Breslau, an illustrious and distinguished city in Silesia, is most famous among the Germans and the tribes of Sarmatia, as it is a very extensive city located on the bank of the Oder. Now Silesia is a province in Germany, watered by the Oder, a river that, as it turns to the north, flows through the tribes of Germany on both banks, yet across the Oder the Polish language prevails. This city, from its beginning, was increased due to the gathering of people, adorned magnificently with public and private buildings, and has highly decorated basilicas, among which the cathedral church dedicated to Saint John is prominent. Ancestors called its bishopric ‘golden;’ the Hussite wars have rendered it muddied. Yet Johann Roth, bishop of the city at this time, a doctor of law and most experienced in a variety of branches of knowledge, greatly increased this bishopric in glory and extent. It also has famous monasteries, of the Hermits of Saint Augustine at Saint Dorothy’s of the [Friars] Minor at Saints Jacob and Bernardinus (but with different observances), of the [Order of] Preachers at Saint Albert’s, of canons-regular in the church of the blessed, glorious Virgin Mary, of the Premonstratensians at Saint Vincent’s outside the walls of the city. There is also a collegiate church there of the Holy Cross. Yet among these, two parish-churches excel, that of St. Elizabeth and that of Saint Mary Magdalene. It also has some very fine minor churches, Saint Barbara’s, Saint Christopher’s, and Saint Lazarus’, along with many others. Now this city has experienced changes in lordship under a variety of princes. It was recovered with difficulty by John, father of Charles, Roman emperor and king of Bohemia: this city of Breslau, which Henry, duke of Silesia, had seized, and Legnica and quite a few other cities in Silesia were subjected to him in this war. Subsequently, during the reign of king Wenceslaus at this time among the Bohemians, sedition arose in this city and the city councilors, who had the highest power, were hurled out of the city hall through the windows into the market-square; caught up on the swords and lances of the enraged commoners, they furnished a grim spectacle. The emperor Sigismund a few years later had the originators of this deed executed by axe. Now the emperor Sigismund, during his later reign, set off for Brno (which is a town in Moravia) at the feast of the nativity of the Lord to destroy the depravity of the heretics.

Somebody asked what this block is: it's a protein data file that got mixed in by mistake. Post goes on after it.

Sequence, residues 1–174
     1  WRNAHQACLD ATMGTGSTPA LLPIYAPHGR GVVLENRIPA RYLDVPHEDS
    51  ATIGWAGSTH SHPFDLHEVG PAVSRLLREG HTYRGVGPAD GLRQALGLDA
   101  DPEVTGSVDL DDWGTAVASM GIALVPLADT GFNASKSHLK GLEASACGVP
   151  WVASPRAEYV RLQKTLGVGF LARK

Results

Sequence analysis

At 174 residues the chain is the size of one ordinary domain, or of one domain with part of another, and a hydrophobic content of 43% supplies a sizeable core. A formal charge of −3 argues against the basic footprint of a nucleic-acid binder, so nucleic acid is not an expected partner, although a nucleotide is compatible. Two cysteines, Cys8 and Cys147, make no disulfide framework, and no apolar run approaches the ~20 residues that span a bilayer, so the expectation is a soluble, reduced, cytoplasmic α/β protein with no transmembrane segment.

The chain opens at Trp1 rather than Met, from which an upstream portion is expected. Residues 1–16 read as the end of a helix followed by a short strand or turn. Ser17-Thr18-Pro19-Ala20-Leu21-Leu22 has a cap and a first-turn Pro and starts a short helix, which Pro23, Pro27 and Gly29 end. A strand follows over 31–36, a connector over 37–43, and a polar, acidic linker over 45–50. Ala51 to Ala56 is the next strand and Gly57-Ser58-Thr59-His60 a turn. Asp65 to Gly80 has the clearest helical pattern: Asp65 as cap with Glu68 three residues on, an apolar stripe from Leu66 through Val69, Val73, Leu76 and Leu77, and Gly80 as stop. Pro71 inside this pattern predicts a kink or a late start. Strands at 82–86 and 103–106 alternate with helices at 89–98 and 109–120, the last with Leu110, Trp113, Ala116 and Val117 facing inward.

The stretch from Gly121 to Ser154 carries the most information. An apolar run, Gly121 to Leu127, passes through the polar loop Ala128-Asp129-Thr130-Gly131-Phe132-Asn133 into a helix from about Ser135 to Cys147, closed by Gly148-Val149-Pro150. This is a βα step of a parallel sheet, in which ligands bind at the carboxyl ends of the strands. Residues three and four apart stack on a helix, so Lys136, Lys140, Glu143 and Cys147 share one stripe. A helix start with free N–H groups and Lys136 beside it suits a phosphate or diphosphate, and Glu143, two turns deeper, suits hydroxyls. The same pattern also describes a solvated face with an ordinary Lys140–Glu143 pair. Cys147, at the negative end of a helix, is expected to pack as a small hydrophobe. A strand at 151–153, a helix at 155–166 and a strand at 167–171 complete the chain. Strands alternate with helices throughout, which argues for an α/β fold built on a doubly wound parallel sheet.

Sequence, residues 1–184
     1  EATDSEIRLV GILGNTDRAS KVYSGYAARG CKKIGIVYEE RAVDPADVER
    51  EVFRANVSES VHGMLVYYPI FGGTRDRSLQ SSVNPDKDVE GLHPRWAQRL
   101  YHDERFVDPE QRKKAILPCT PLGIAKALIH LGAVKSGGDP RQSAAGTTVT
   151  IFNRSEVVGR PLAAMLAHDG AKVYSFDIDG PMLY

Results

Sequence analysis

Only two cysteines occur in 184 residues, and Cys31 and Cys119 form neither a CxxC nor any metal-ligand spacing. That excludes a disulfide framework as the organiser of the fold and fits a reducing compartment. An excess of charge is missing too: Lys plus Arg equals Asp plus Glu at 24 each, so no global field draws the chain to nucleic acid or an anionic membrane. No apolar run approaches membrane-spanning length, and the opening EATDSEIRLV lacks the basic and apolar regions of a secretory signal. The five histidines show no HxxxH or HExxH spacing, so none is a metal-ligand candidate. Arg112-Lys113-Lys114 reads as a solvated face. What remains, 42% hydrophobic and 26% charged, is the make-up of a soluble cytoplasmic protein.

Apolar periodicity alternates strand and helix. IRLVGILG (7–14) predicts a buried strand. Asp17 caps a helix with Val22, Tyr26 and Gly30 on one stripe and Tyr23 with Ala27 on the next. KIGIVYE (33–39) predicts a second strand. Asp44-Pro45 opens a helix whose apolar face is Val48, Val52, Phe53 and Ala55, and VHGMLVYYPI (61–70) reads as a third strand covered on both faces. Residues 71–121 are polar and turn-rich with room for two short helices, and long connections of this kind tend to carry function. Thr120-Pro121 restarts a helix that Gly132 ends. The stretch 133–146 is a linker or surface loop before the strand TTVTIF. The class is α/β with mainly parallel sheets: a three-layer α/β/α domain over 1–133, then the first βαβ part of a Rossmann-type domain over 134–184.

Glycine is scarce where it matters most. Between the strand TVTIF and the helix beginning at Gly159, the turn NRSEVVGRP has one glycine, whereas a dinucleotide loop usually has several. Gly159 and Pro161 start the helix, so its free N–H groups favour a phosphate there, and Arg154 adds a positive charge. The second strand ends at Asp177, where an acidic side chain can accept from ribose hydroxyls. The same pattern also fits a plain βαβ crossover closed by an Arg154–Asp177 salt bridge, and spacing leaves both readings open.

Emily Hodgkins


Hartmann Schedel (1493). Liber cronicarum cum figuris et ymaginibus ab inicio mundi.
USC Libraries, Special Collections Call No: D17.S34 1493b, f. 233-234.

Hartmann Schedel (2010). Liber chronicarum: translation.
USC Libraries, Special Collections Call No: D17.S3413 2010 v.1-v.4




Emily Hodgkins, “Breslau,” Nuremberg Chronicle, accessed October 21, 2018,

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